Thursday, November 5, 2009

Banana Bread

Hot loaf of banana bread, fresh from the oven, cooling on the stovetop.

I used to prepare banana bread from my older copy of Better Homes and Gardens cookbook every once in a while. One day I couldn't find that cookbook and turned to my later edition. I've been preparing banana bread from that recipe ever since. Last winter, I was cranking out 2-3 loaves a week and Rodney ate nearly every bite from each one by himself

This is a recipe I don't deviate from and since I've made it so often, have perfected the baking time right down to the half-minute. I've learned a couple things about the recipe which makes it simpler. Those are included in my adaptation below.

A struesel topping is optional, but I've never tried that part. Rodney putting away 3 loaves a week means he doesn't need it. Click the link and you'll go to the original BH&G recipe which includes the struesel topping.

2 c all-purpose flour
1-1/2 tsp baking powder
1/2 tsp baking soda
1/4 tsp salt
1/4 tsp ground cinnamon
1/8 tsp ground nutmeg
2 eggs
2 overly ripe, frozen, then thawed bananas
1 c sugar
1/2 c melted butter
1/4 c chopped walnuts

Preheat oven to 350°F.

Grease bottom and 1/2 inch up the sides of one 9x5x3-inch or two 7-1/2x3-1/2x2-inch loaf pans; set aside.

In a large bowl combine flour, baking powder, baking soda, salt, cinnamon, and nutmeg with a fork. Make a well in center of flour mixture; set aside.

In a medium bowl mix eggs, banana, sugar, and oil with a fork until eggs are beaten and bananas are well mashed. The butter may clump a little as it cools on contact with the bananas, but that is nothing to fret over.

Add egg mixture all at once to flour mixture. Stir with fork just until moistened (batter should be lumpy and floury parts will be evident. Don't feel the need to continue stirring as it will only make your loaf hard as a brick. Trust me). Fold in nuts.

Spoon/pour batter into prepared pan(s).

Bake for 55 to 60 minutes for 9x5x3-inch pan or 40 to 45 minutes for 7-1/2x3-1/2x2-inch pans or until a wooden toothpick inserted near center comes out clean (if necessary, cover loosely with foil the last 15 minutes of baking to prevent overbrowning -- I've never done this).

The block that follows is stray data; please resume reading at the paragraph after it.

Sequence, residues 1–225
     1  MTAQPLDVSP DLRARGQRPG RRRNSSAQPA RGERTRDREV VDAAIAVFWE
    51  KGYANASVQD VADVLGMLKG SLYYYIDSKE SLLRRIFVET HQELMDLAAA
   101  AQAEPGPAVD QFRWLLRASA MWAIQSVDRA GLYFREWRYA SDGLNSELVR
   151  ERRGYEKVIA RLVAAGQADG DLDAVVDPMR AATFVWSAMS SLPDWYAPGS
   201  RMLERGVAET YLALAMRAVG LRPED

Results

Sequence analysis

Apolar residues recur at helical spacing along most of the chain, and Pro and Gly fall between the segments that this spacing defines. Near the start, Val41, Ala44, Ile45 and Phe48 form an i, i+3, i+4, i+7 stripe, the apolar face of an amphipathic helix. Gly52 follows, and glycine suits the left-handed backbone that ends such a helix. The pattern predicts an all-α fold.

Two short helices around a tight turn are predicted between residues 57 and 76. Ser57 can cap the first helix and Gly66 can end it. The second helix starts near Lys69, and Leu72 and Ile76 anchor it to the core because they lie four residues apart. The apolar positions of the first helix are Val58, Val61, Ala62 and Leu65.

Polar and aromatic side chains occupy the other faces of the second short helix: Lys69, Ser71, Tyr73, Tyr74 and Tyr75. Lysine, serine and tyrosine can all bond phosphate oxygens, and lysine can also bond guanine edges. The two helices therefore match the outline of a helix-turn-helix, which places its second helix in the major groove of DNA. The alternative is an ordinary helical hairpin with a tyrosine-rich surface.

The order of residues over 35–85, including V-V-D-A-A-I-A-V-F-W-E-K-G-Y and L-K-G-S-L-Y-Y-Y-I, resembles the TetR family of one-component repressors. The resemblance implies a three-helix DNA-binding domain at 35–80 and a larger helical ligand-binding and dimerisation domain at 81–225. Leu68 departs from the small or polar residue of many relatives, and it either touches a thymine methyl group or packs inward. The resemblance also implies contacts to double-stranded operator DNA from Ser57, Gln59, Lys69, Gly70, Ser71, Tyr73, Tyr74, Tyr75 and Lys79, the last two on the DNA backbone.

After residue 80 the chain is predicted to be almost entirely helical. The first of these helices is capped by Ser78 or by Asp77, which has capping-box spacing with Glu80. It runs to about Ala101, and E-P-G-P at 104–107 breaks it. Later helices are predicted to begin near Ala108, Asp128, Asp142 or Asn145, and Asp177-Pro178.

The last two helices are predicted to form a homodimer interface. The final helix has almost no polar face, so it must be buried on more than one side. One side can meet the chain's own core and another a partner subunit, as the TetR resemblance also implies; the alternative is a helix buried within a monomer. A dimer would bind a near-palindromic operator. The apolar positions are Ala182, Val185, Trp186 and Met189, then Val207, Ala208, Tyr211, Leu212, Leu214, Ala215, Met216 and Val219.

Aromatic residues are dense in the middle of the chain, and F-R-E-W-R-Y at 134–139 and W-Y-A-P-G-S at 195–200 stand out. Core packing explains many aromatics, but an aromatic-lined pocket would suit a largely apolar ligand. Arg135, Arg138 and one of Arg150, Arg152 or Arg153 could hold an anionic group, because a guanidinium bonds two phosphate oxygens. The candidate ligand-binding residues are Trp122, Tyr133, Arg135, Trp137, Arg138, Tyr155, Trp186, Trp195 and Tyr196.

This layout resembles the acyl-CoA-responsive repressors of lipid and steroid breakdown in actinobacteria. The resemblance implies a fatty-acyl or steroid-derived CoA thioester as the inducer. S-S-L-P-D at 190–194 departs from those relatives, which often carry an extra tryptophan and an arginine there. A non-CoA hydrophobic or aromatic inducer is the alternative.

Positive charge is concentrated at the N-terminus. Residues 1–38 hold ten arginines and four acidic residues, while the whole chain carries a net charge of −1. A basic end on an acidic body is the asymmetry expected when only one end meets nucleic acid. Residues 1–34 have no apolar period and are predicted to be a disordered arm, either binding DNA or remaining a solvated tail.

• Cool in pan on a cold stovetop burner or wire rack for 10 minutes and then cut a couple slices for immediate consumption. The top crust will be super crusty and uber-delicious while the interior is warm, butter-ready and moist! Cool completely and cover with plastic wrap.
  • Or if it's late night, cool for 10 minutes and simply place the loaf and baking dish in the microwave overnight to cool completely. It won't get dusty or funky and any fruit flies you may have won't be able to get to it. In the morning, have some for breakfast and cover what's left in the dish with plastic wrap.
  • Or you can let cool for 10 minutes, remove from pan, cool completely on wire rack, and wrap it for serving later.
Personally, I prefer the cooling methods in order they were presented.


At this time, I don't have a good cost estimate, except for what I'm willing to guess, which is $4-5 a loaf.

We never buy bananas specifically to bake bread. I get them for Rodney to eat; what he doesn't consume by the time they are partially or completely black go into the freezer. When I'm ready to bake a loaf of bread, I let two bananas thaw at room temperature about an hour while the eggs are coming to room temperature and the oven is preheating.

One thing I have learned is that the recipe cannot be doubled exactly as it's written (ie, multiplying everything by 2). The baking powder and/or soda is designed for one and would have to be adjusted. I learned that first-hand once but haven't tried it since.